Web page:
Google threatens French media ban over proposed law

Google has threatened to exclude French media sites from its search results if France passes a law that would make search engines pay for content.

French newspaper publishers have allegedly been pushing for the law that would make search engines, primarily Google, pay them each time a user reads an article by clicking through to their website.

The publishers feel it is unfair that Google receives advertising revenues from searches for news.

French Culture Minister Aurelie Flippetti agrees with proposed law telling a parliamentary commission that it is "a tool that it seems important to me to develop".

However, according to a letter sent to several ministerial offices, Google said such a law "would threaten its very existence".

Google France, which currently redirects 4 billion clicks per month to French media publications, said earlier that the plan "would be harmful to the internet, internet users and news websites that benefit from substantial traffic" that comes via Google's search engine.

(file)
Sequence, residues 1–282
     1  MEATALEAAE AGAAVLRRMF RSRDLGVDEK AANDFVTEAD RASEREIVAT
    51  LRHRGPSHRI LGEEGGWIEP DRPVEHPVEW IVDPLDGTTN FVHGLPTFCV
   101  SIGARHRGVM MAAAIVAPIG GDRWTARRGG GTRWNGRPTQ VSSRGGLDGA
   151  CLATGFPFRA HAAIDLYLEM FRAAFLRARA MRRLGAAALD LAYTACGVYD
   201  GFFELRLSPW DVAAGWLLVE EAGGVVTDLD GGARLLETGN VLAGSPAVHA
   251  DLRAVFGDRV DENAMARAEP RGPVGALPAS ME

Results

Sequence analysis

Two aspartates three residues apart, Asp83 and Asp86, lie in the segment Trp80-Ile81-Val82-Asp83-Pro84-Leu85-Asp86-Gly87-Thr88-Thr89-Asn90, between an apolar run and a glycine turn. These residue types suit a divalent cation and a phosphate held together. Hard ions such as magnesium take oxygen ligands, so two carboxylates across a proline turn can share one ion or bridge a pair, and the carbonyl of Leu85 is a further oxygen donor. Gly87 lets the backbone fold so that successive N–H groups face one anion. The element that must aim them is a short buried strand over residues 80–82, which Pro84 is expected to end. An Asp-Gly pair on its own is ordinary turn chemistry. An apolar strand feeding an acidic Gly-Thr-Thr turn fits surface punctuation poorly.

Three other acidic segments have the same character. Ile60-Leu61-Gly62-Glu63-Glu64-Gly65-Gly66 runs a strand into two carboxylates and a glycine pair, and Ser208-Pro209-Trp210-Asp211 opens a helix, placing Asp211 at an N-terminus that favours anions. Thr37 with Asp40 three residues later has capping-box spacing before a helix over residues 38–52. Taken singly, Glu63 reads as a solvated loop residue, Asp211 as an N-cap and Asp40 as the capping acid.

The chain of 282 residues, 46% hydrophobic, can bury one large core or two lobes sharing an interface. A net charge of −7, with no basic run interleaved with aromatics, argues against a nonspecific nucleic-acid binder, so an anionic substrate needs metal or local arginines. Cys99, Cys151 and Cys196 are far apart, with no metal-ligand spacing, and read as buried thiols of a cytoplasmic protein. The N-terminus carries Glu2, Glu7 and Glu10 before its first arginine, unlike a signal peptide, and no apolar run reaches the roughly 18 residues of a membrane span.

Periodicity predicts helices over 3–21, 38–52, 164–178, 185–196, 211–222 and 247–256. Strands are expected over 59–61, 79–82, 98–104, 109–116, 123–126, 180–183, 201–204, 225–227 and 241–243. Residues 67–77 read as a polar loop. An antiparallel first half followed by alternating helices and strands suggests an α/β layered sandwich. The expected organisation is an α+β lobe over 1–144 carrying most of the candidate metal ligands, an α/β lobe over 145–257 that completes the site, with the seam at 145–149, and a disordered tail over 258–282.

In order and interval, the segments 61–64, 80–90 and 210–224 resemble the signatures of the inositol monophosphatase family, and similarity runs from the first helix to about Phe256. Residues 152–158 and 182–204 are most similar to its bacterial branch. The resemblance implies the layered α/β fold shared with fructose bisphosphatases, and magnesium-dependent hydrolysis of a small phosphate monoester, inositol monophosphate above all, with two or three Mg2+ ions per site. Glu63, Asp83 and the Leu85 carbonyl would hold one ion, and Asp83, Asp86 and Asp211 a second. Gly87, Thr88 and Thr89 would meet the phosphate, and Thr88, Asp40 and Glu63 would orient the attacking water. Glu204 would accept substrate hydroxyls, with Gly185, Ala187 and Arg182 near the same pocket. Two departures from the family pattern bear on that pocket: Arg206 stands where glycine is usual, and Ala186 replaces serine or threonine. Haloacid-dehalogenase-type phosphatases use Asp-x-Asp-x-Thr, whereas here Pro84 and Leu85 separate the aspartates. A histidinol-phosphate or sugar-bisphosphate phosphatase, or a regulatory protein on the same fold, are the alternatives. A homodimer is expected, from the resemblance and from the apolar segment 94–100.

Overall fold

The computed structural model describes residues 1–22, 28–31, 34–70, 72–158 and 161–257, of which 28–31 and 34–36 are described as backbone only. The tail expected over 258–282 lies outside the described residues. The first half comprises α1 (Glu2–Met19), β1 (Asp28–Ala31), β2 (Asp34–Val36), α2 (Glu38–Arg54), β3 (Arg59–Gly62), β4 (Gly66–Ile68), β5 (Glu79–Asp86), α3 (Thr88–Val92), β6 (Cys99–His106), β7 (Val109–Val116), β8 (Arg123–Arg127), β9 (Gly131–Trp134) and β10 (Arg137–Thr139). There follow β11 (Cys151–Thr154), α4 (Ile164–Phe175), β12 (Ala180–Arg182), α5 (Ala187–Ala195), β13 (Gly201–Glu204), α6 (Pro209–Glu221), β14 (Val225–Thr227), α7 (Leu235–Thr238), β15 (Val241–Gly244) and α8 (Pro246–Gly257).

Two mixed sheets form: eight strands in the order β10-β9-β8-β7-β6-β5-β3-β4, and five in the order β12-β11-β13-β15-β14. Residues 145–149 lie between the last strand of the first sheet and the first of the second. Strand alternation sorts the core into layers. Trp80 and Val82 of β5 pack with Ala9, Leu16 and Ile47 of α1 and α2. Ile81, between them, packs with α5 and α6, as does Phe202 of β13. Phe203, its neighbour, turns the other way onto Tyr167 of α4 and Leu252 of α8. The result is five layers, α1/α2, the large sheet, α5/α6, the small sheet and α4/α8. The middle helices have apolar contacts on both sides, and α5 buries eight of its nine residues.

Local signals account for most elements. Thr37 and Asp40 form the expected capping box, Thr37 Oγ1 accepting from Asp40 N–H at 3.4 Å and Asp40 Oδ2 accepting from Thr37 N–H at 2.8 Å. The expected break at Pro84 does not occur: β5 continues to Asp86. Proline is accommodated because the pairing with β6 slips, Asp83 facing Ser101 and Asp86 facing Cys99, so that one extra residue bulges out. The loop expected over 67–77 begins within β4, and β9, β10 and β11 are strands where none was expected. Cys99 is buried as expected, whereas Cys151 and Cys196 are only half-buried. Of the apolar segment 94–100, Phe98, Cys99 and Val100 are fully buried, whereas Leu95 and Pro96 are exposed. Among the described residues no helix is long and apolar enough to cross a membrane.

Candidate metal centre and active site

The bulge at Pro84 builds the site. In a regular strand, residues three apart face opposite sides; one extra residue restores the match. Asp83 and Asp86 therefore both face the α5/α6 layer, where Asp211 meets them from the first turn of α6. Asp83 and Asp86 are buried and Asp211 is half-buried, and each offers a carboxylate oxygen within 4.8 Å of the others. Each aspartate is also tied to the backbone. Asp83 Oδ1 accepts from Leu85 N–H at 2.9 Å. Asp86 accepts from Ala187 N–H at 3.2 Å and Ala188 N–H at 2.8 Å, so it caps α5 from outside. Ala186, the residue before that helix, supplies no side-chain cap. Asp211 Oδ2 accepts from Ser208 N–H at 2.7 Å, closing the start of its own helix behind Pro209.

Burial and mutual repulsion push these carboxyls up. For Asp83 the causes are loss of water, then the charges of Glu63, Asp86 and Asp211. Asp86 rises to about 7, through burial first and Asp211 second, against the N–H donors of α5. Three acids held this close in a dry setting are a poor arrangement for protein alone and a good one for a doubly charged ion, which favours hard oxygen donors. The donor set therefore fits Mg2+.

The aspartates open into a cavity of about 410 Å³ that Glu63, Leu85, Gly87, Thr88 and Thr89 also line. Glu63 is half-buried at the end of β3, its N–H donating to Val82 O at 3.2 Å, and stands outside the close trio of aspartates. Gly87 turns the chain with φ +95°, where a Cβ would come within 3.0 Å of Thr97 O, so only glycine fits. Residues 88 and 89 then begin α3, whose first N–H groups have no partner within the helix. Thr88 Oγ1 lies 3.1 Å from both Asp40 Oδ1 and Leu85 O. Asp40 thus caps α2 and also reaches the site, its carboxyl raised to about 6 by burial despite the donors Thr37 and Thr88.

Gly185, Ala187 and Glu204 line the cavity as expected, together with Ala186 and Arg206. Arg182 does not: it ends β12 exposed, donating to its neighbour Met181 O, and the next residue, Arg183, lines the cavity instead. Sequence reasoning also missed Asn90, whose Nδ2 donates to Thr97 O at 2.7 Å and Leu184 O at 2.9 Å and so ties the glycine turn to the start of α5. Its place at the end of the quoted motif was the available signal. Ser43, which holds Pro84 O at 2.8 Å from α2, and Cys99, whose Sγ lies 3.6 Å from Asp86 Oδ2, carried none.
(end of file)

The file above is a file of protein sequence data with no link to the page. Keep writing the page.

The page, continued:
"France has a track record of enacting laws to protect its local media interest that seem out of step with the conventional wisdom in other markets", Adrian Drury, an analyst with research firm Ovum, told the BBC.

"The question is whether by returning a search result Google is infringing the copyright of a site. The publishers will continue to contest this, but the general consensus is that it is not", he added.

Other European countries are considering similar laws.

Earlier this year, a law was approved - but not as yet passed - in Germany, giving publications Internet copyright that would mean Google would have to pay them to list their sites.

In 2011, Belgium passed a similar law and popular titles including Le Soir and La Libre Belgique no longer appear in Google searches.

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